Bunkyo Ward, as a municipality, conforms to the City Planning Law, Article 15-24, the Procedure for Decision Making for Plans and Changes of Plan. As per Fig. 3.4 (left column of left frame), the following are the procedures of “Changes of Tokyo Metropolis City Park” to Motomachi Park:
1. When the initial proposal was made, the Ward held three explanatory meetings in April 2006 (Bunkyo Word 2006). Local communities, in the vicinity of the park, requested the Ward to hold an explanatory meeting, but the request was not met (Tatemono Ouendan Various timelime 2006).
2. The Ward explained the initial proposal, reported citizen comments and opinions at the explanatory meetings, and consulted with the City Planning Council to make the final proposal.
3. The Ward rendered the final proposal open to public inspection and received 75 opinions from citizens. All the opinions were in opposition, and none endorsed the proposal.
4. The mayor inquired the Planning Council for deliberation and advice of the final proposal to which was attached the sign of consent by the governor of Tokyo Metropolis.
When the procedure had reached this point, the Ward and also Tonuma, the Chairperson of the City Planning Council, received many requests from citizen groups. He reported the procedure of closing Motomachi Park and reminisced “as a Chairman of the City Planning Council, consider the issue (receptively or) without any bias (Tonuma 2007).”
Citizens Actions and Events
The citizen groups did as many things as they could after the announcement of the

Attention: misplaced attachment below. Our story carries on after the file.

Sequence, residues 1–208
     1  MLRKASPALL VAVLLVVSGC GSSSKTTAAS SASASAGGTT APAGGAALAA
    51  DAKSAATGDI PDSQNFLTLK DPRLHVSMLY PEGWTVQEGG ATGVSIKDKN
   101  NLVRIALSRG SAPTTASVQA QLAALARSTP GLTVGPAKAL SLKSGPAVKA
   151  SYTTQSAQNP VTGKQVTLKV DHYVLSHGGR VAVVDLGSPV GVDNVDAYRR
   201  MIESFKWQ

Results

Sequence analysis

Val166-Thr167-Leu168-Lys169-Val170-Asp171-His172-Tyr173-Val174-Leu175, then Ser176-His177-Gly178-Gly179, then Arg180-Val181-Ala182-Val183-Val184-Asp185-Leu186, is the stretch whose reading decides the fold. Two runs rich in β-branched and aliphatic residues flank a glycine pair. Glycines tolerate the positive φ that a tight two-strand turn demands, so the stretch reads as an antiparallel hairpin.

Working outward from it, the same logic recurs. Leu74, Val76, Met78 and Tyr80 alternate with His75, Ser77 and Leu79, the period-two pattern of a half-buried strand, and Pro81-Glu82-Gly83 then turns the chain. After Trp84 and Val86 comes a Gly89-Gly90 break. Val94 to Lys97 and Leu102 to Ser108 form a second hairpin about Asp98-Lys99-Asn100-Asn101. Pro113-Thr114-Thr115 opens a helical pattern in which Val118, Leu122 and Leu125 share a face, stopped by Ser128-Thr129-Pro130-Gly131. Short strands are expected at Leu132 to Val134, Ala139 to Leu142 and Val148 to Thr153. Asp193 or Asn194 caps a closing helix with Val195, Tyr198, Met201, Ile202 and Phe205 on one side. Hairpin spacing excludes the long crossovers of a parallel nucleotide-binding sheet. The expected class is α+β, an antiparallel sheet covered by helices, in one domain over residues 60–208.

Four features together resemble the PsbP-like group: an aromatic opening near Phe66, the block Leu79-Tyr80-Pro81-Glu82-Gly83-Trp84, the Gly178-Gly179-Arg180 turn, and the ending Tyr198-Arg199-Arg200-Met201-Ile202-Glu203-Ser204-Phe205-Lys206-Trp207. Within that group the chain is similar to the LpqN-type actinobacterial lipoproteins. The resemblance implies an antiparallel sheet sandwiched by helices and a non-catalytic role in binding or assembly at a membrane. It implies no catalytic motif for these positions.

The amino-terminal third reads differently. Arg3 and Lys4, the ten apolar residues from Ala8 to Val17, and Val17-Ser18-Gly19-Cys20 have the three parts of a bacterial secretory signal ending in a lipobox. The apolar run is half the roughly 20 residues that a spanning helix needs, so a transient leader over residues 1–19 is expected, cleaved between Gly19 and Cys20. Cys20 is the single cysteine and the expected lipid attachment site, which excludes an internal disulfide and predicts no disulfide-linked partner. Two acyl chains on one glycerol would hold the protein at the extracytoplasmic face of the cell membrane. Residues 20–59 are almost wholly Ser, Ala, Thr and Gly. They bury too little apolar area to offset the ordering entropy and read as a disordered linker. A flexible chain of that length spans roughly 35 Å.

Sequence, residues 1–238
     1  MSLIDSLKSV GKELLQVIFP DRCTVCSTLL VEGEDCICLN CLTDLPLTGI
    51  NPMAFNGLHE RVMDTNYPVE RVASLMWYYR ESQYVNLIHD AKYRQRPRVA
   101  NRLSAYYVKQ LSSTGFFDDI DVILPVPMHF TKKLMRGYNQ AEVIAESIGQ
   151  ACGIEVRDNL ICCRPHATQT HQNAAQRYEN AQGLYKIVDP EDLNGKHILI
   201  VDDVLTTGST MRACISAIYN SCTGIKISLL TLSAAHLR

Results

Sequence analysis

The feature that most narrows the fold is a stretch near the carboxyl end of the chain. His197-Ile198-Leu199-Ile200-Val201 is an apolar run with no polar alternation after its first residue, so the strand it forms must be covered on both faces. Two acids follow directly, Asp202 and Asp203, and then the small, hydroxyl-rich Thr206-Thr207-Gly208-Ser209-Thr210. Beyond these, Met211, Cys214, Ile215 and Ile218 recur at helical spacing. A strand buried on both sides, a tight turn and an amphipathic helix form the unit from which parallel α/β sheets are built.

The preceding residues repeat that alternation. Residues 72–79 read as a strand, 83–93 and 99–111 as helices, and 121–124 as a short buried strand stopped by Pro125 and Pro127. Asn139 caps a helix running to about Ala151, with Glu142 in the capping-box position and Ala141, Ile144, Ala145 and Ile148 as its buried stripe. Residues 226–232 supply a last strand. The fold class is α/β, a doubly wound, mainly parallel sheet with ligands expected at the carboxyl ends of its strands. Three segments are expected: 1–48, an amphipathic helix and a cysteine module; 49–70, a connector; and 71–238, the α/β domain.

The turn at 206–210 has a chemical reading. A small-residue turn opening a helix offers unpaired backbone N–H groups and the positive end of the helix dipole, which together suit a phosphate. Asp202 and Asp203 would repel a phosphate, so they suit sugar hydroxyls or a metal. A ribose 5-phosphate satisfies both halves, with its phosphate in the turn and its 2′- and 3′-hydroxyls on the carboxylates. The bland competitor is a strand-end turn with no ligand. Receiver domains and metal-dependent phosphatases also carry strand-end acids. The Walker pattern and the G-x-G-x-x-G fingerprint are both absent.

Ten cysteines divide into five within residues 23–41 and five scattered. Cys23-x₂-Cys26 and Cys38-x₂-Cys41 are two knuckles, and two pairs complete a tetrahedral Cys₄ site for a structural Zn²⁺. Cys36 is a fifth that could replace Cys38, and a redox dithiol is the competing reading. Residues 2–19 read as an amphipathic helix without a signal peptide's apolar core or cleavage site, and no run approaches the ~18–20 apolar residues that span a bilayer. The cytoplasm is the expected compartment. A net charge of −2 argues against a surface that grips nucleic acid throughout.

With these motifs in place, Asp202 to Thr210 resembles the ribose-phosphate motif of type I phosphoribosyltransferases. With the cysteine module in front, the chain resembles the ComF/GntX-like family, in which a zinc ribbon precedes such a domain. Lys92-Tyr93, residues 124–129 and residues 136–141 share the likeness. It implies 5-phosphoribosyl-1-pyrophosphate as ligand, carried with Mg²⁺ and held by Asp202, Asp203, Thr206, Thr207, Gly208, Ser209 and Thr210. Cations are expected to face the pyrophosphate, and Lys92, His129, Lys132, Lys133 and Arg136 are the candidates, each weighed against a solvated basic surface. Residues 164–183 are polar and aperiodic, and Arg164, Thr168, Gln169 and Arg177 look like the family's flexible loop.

initial proposal. As per Fig. 3.4 (right frame):
1. The Japanese Institute of Landscape Architecture and four other academic societies wrote petitions to the mayor.
2. Many citizen groups held two joint symposiums in the latter half of 2006. “Pappato@Kaigi@Motomachi Park (2006)” tried to reach out to a wide range of people to emphasize the importance of preservation of the Park. Also, the home page of “23 Motomachi Park Commemoration of Earthquake Disaster” provided basic information about the park.
3. “The Bunkyo Link for Architectural Preservation” submitted five requests to the Mayor and four other requests to the related organizations. They opened their home pages as “Tatemono Ouendan,” which gave the history of the park, and they wrote many petitions and requests to the Mayor of the ward and related organizations.
4. “The Society for Bunkyo’s Cultural Heritage” sent Tokyo Metropolitan Park Association a recommendation that Motomachi Park be listed on the 100 historical parks of Japan, a program to celebrate the 50th anniversary of enactment of the Urban Park Act. As a result, the park was selected as one of the historical parks in Japan (Tatemono Ouendan Preservation Action 2006).